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How to Protect Your Business Accounts from Cyber Risks

cyber risks

We now run businesses in a digital space. Even if you still have a brick-and-mortar location, you’re likely running a bevy of social media profiles and a website, possibly with its own digital storefront. And many modern businesses operate wholly digitally. While there’s many exciting advantages to the broader access to your target market a digital presence brings, it also means a smart approach to cybercrime and risk is necessary.

From abandoning poor password practices to conducting employee training, there’s a lot businesses can do to ensure they’re staying safe in digital space. Today, we look at some solid basics.

How Cyber Crime Can Affect Business

Every day, businesses handle a vast volume of sensitive data. As it becomes the norm to work from non-centralized sites, we have more devices accessing this data, and if there’s a weakness at any one point in this system, cybercriminals can access it all. 

Perhaps the most notorious and well-known way in which cybercrime affects businesses are data breaches, and the selling of the illicit data these breaches unearth. It’s a massively lucrative industry for criminals. For the companies that become their targets, not only do you have the immediate loss of sensitive data, but also an immense knock to the trust the public has in you. With this data in hand, criminals can not only breach accounts and intrude into systems, but also carry out financial fraud and even identity theft.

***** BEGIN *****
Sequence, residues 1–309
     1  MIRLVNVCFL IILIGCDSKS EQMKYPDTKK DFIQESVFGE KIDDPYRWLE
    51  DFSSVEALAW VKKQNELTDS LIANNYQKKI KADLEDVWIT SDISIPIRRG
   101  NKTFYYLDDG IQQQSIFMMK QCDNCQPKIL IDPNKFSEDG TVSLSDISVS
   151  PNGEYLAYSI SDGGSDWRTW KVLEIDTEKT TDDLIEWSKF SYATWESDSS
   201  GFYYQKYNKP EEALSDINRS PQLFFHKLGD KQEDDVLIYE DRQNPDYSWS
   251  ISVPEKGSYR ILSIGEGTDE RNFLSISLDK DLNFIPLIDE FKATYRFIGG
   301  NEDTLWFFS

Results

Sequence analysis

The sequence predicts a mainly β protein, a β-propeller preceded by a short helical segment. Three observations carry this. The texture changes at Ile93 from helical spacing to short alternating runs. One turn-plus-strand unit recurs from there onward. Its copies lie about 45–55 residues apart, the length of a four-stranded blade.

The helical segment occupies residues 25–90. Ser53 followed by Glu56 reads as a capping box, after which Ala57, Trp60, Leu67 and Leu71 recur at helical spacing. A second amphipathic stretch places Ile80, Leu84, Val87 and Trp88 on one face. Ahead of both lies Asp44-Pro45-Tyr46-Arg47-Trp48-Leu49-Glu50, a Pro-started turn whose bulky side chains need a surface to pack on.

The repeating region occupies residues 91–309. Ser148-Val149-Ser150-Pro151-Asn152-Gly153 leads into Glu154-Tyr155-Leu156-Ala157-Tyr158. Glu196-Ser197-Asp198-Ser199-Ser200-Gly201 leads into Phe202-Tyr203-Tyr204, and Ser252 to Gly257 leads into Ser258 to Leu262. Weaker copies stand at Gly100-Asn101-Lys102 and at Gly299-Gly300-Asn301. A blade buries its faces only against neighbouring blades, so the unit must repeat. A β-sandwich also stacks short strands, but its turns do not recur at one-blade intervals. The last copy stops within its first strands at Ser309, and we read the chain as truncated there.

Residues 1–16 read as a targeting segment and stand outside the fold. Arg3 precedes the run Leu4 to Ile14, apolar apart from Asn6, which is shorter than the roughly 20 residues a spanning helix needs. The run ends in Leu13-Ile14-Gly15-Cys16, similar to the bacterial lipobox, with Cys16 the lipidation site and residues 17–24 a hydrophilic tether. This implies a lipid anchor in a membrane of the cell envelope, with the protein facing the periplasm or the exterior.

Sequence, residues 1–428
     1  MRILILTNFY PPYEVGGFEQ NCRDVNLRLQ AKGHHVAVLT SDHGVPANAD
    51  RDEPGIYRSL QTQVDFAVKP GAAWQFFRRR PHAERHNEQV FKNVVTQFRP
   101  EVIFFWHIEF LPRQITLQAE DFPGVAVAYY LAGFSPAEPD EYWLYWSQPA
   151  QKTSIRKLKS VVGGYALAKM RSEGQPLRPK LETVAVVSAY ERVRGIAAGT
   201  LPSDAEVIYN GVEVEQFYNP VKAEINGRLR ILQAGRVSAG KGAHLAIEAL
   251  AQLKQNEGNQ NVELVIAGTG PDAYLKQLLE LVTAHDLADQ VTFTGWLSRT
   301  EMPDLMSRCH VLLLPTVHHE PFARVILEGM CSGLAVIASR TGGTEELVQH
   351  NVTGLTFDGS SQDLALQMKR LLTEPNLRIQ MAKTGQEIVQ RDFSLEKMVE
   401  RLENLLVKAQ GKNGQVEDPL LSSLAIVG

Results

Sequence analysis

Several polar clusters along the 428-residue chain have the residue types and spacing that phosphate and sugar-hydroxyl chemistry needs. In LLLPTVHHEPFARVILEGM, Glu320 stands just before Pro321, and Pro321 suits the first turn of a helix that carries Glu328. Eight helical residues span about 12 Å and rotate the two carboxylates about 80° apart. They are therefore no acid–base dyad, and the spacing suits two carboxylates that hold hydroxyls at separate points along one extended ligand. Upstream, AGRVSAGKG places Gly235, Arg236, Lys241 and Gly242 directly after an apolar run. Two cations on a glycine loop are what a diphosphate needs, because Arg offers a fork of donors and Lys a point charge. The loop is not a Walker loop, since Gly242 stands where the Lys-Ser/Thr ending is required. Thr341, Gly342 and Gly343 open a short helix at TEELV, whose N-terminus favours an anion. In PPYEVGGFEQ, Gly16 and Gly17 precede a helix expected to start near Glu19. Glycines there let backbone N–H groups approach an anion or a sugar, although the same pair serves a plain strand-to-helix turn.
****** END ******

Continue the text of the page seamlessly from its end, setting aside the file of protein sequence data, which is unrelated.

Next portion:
But that’s not the only risk companies with poor security protocols face. DDoS attacks, or distributed denial of service attacks, are used to bog down your digital access points so legitimate entities can’t access them. You’re often held hostage to extortion to get these to stop. And, of course, let’s not forget the looming specter of ransomware – a malicious piece of software that, once installed on a PC, encrypts or deletes the data on it. While hackers will often claim to return your data if you meet their ransom demands, are we really trusting criminals to behave ethically? And who knows what else they’ve done with your data, either.

Becoming the victim of cybercrime can shut down entire key systems in your business, infect PCs with malicious software, open up back doors for illicit activities and even crypto mining, affect the trustworthiness of your IP and ability to interact digitally. It can publish sensitive data from your company, its employees, or clients, and even hijack accounts and destroy your reputation. This means solid security protocols are an absolute must.

It Starts With Employees

One of the simplest, but most effective, ways to keep your corporate data safe is ongoing, regular employee training on security matters. Your protection is only as solid as its weakest link, and even a low-level employee with poor password hygiene, or who can’t spot a phishing mail, could quickly become the reason for a security incident.